What are solutions, colloids, and suspensions?

2 Answers
Dec 23, 2016

These are three types of mixtures that are distinguished by the sie of the particles being mixed, and other properties (discussed below).


A solution is a mixture of two or more pure substances that is homogeneous. This means it is perfectly uniform everywhere, because the mixing occurs at a molecular level. The solution will be transparent, and will not separate over time. You cannot separate the components by filtering.

In a suspension, larger pieces are matter are combined (most agree on #10^(-5) m# or greater as being the particle size in a suspension. As a result, the mixture will be cloudy or even opaque, and generally separates upon standing. Filtering will generally result in separation is the materials.

A colloid is sort of "in-between" these two. Particle size is smaller (but not on the molecular level). A true colloid should not separate if left standing, Light passing through a colloid will tend to be scattered, with some light passing through, giving a translucent appearance.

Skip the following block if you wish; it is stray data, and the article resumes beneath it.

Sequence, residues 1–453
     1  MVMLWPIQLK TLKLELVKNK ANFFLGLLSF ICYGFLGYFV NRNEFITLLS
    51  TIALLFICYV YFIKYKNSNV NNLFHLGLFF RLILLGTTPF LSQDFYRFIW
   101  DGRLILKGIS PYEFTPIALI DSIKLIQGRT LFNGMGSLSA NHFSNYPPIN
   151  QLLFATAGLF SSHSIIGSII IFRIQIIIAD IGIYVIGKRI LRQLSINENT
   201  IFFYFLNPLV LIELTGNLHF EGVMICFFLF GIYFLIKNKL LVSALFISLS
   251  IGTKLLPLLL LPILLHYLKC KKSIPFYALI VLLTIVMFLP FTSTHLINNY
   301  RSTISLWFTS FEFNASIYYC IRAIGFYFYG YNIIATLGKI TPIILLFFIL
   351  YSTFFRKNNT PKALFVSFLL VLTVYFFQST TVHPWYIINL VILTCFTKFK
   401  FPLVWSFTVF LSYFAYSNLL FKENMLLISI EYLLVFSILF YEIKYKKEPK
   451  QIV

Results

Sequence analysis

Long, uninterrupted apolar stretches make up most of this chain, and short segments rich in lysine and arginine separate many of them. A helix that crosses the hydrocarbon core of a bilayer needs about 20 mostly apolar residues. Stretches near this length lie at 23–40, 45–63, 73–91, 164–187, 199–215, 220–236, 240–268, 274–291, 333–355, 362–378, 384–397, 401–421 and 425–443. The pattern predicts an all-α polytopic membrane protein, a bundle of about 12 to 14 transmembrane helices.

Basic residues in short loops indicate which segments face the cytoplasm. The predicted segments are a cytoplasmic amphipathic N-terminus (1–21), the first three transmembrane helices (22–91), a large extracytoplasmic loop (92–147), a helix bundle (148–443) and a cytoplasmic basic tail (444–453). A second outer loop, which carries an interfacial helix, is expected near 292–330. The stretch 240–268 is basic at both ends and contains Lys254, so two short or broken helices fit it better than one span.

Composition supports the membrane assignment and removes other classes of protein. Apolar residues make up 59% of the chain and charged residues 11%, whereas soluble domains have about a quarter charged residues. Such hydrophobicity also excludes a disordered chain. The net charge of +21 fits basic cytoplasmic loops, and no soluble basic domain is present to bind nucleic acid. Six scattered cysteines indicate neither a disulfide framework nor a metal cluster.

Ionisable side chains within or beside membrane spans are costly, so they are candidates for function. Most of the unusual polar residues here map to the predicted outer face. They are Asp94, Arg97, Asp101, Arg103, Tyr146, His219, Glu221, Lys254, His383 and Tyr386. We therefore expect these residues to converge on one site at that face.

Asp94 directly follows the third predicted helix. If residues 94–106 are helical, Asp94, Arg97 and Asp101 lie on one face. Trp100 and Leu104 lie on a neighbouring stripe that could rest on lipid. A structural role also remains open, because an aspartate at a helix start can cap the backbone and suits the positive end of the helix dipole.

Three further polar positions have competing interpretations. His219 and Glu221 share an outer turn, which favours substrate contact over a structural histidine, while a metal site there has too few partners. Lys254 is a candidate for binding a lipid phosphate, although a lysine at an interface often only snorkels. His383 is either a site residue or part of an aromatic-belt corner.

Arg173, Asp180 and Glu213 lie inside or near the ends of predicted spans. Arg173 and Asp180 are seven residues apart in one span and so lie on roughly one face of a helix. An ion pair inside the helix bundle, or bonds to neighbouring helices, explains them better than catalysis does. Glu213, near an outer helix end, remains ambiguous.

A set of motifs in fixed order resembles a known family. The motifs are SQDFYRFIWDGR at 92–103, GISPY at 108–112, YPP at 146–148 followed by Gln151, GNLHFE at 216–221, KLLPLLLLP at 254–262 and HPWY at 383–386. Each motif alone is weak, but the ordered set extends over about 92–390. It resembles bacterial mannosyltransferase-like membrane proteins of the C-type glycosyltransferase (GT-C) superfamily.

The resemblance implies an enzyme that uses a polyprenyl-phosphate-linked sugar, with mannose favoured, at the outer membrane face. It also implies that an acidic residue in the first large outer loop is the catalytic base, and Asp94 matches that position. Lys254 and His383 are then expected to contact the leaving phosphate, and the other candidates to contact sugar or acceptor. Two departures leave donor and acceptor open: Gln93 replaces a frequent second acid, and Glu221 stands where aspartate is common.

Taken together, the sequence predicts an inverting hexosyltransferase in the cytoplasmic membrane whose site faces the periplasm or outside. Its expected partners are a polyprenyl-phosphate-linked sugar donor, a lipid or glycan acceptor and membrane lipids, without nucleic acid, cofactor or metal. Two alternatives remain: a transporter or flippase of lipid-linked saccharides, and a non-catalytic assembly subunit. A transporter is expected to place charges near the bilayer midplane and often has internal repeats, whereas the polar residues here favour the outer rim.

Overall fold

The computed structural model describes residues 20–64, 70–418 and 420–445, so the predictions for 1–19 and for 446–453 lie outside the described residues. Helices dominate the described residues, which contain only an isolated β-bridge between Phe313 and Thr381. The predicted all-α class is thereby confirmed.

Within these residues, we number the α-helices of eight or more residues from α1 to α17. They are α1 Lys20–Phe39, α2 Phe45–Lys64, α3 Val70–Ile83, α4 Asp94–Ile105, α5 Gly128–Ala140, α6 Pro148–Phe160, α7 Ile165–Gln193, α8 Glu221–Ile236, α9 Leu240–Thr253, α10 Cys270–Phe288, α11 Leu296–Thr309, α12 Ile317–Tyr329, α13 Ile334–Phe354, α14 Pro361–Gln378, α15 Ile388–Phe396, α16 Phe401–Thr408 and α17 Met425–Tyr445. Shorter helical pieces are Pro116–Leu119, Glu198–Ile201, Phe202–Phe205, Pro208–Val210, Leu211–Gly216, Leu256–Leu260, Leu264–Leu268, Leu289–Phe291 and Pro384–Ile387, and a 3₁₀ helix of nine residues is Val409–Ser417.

Dec 23, 2016

Different numbers of phases and stabilities....


Solutions comprise a solute that is solvated by a solvent. Solvation means that the ions in a solution are surrounded by or complexed by molecules of the solvent (its a slightly more complex process for things such as polymer solutions, so I won't go into that here). The fact that the solute ions are completely surrounded by and/or complexed with solvent molecules mean that solutions are single phase and homogenous.

In a suspension, however, one phase is simply dispersed into small particles that float around in the solvent. There is no surrounding of, or complexing of, any species at the molecular or ionic level. Suspensions are therefore two phase (either solid/liquid, solid/gas, gas/liquid or liquid/imiscible-liquid) and are heterogeneous.

Many suspensions will separate on standing (solid particles fall to the bottom of the container, or gas bubbles coalesce and rise to the top, or two immiscble liquids separate into two layers). Colloids are a specific class of suspensions where the particle size is between 1 and 1000 nanometres (1 x #10^-9# to 1x #10^-6# m). They tend to be much more stable than regular dispersions and do not readily separate on standing. A classic example would be milk.